Lane Kenworthy reports:
A third worry is that the income measure used to calculate median family income is too thin. If a growing portion of GDP has gone to employer benefits, that would help middle-class households, but it wouldn’t show up in these income data.
To address these second and third concerns, we can turn to a more encompassing measure of household income. The data are from the Congressional Budget Office (CBO). The measure includes all sources of cash income. It adds in-kind income (employer-paid health insurance premiums, food stamps, Medicare and Medicaid benefits), employee contributions to 401(k) retirement plans, and employer-paid payroll taxes. Tax payments are subtracted.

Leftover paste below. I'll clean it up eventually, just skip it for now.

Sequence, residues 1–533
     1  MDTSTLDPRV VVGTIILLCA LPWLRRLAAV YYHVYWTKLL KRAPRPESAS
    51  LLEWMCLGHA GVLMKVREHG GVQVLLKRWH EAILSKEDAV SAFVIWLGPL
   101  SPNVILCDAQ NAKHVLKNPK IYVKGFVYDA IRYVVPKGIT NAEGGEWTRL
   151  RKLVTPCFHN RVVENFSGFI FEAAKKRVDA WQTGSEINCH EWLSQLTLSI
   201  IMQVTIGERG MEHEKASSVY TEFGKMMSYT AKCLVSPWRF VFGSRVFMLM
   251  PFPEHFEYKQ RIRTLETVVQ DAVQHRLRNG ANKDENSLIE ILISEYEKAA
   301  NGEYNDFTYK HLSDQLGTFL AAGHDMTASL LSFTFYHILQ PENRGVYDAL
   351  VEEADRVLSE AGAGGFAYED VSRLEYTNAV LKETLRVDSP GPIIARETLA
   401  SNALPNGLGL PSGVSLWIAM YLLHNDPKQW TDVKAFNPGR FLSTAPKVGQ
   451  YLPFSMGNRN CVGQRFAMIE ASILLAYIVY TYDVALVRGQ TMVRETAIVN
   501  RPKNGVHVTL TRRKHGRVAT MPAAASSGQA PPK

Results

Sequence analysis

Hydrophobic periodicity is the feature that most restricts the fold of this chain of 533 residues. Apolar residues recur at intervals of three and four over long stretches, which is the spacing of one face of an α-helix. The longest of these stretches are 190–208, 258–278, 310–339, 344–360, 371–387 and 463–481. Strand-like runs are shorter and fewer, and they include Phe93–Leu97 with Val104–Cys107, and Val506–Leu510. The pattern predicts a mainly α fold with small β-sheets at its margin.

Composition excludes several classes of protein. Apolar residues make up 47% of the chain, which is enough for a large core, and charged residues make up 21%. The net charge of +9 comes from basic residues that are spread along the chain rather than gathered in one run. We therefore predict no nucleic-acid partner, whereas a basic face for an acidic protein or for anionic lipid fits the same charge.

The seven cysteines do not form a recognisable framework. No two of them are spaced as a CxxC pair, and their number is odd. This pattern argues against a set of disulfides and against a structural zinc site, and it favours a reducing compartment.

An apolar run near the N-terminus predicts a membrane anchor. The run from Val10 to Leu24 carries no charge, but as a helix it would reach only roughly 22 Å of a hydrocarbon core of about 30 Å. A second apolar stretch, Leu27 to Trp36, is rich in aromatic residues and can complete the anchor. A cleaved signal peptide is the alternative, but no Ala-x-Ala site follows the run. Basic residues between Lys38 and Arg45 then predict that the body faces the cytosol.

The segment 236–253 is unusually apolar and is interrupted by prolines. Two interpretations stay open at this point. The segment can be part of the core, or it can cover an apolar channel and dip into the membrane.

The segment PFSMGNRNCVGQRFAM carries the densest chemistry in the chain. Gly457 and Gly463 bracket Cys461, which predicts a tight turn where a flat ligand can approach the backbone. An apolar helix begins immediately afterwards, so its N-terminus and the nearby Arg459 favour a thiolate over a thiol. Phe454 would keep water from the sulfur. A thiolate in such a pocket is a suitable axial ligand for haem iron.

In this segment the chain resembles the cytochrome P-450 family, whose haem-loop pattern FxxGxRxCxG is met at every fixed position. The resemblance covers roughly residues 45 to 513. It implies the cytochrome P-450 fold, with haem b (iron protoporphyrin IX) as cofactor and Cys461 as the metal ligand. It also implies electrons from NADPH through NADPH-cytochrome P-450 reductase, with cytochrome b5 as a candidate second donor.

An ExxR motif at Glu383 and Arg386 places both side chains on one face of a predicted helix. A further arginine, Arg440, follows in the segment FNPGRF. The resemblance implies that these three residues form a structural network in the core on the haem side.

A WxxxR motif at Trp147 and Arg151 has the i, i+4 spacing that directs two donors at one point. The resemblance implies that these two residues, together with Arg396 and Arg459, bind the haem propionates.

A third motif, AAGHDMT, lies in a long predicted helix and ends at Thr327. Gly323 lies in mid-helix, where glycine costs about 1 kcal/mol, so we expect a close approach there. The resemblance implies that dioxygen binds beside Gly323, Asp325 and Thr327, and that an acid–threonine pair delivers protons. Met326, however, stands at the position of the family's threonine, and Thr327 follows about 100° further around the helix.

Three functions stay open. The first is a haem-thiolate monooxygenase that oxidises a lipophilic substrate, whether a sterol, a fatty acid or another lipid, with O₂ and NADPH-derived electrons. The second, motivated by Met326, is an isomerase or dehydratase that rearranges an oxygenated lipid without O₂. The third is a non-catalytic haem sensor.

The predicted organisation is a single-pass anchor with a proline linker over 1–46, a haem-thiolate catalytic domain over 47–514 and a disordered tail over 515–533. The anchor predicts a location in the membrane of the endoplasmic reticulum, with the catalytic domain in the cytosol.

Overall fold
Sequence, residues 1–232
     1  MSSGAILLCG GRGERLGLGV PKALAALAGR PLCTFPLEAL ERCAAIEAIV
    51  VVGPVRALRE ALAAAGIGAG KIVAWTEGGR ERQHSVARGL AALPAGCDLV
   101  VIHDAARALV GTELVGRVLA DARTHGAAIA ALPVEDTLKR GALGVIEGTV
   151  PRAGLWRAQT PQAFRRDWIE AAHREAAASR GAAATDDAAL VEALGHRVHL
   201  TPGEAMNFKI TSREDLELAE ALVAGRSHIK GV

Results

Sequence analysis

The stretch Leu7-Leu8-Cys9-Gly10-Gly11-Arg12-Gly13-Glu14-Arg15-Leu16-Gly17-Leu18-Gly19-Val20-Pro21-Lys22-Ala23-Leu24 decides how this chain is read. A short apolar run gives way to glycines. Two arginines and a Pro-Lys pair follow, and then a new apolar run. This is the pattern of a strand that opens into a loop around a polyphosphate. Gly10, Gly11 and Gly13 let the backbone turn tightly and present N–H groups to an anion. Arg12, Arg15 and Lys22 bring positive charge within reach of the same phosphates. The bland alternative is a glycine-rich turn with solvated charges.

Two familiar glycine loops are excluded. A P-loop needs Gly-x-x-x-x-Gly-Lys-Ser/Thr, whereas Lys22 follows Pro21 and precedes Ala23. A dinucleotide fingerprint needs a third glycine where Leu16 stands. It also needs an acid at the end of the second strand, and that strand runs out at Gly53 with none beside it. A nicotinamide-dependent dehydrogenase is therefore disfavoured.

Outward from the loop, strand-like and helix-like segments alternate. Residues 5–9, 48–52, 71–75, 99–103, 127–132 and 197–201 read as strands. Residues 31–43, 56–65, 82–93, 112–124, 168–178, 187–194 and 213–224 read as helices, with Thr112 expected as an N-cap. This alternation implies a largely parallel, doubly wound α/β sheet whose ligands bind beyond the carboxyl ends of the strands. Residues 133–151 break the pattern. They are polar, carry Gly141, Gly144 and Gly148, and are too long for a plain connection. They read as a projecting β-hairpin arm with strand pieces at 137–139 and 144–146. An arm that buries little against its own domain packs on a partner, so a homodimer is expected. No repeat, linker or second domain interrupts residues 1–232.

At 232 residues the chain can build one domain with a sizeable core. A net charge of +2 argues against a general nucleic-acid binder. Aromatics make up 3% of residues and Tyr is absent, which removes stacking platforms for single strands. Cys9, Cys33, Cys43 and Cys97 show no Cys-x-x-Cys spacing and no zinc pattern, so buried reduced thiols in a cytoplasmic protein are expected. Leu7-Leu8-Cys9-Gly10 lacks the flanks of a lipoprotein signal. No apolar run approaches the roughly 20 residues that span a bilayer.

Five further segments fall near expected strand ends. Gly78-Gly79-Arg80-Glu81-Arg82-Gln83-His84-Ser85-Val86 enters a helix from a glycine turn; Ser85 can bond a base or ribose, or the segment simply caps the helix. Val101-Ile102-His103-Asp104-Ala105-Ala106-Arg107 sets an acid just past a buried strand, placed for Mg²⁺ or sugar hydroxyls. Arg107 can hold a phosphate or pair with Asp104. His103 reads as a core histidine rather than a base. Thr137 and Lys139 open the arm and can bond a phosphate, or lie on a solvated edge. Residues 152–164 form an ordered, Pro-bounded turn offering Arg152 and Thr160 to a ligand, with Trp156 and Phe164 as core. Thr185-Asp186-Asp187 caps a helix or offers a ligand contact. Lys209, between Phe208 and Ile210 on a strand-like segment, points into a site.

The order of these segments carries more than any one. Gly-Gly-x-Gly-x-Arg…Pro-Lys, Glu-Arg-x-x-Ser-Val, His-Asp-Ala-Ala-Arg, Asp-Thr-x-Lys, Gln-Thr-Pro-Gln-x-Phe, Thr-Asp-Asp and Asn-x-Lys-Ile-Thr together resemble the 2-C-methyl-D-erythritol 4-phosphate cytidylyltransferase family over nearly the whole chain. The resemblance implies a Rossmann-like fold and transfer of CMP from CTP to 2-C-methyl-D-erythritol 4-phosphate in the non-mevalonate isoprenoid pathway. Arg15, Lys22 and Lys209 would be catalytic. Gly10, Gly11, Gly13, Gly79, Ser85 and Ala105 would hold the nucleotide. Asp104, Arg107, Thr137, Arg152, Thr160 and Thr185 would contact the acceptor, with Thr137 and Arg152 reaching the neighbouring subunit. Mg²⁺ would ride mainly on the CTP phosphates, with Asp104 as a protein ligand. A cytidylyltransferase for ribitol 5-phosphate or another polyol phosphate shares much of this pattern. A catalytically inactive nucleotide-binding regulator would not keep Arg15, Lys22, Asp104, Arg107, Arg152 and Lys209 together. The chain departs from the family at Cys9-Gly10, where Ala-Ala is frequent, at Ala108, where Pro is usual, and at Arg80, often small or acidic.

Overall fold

We can use average household income in these data as a substitute for GDP per capita. The CBO data set doesn’t tell us the median income, but it provides something quite similar: the average income of households in the middle quintile of the distribution (from the 40th percentile to the 60th). The following chart adds these two series. The story is virtually identical.
He considers some other adjustments too, and this is the final story:
Addendum: Matt Yglesias comments.